Figure 6: Superimposition of cephalometric tracings pre- and posttreatment

Figures 7A-7H: Photographs of the patient 3 years posttreatment


Treatment with the Carriere Motion 3D Class III Appliance is efficient for the correction of adult Class III malocclusions, producing satisfactory results both esthetically and functionally. The Carriere Motion 3D Class III Appliance used in combination with Carriere SLX Self-ligating Brackets is a biomechanically efficient means of addressing cases with maxillary hypoplasia. Compared with alternatives, such as a combination of surgery and conventional orthodontics for opening space for implants or bridges, these appliances can significantly reduce treatment time for treatment of Class III patients. In cases of agenesis of the maxillary lateral incisors, the approach represented by this case is an efficient alternative for closing spaces while balancing the patent’s profile and correcting the Class III malocclusion.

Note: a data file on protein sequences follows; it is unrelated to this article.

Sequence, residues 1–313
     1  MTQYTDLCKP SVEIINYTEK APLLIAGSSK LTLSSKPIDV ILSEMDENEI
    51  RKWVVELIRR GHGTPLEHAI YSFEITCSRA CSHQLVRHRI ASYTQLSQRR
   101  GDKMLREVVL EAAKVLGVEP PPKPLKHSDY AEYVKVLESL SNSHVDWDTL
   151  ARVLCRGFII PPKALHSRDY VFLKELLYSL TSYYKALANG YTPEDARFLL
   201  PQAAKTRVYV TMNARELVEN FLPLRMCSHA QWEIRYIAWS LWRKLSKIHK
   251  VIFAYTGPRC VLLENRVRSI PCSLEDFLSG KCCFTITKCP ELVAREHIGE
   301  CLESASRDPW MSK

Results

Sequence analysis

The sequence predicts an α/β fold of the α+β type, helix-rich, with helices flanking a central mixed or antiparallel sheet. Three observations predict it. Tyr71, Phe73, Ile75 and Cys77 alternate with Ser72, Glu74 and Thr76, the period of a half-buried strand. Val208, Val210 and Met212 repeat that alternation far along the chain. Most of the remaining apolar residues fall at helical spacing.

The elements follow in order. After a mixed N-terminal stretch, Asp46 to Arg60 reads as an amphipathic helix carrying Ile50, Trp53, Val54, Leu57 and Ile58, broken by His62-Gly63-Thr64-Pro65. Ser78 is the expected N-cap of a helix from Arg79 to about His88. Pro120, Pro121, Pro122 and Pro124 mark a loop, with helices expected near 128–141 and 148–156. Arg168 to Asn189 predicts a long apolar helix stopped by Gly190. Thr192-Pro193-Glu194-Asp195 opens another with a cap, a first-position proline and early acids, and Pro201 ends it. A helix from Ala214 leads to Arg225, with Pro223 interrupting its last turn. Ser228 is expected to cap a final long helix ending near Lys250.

This article was previously published in Dental Tribune UK Ortho International. 2018;3(1):14-19.

Dr. Ana Maria Cantor practices orthodontics at the private OdontoKids clinic in Malaga, Spain. She can be contacted at

Disclosure: Dr. Cantor is a key opinion leader and paid speaker for Henry Schein Orthodontics.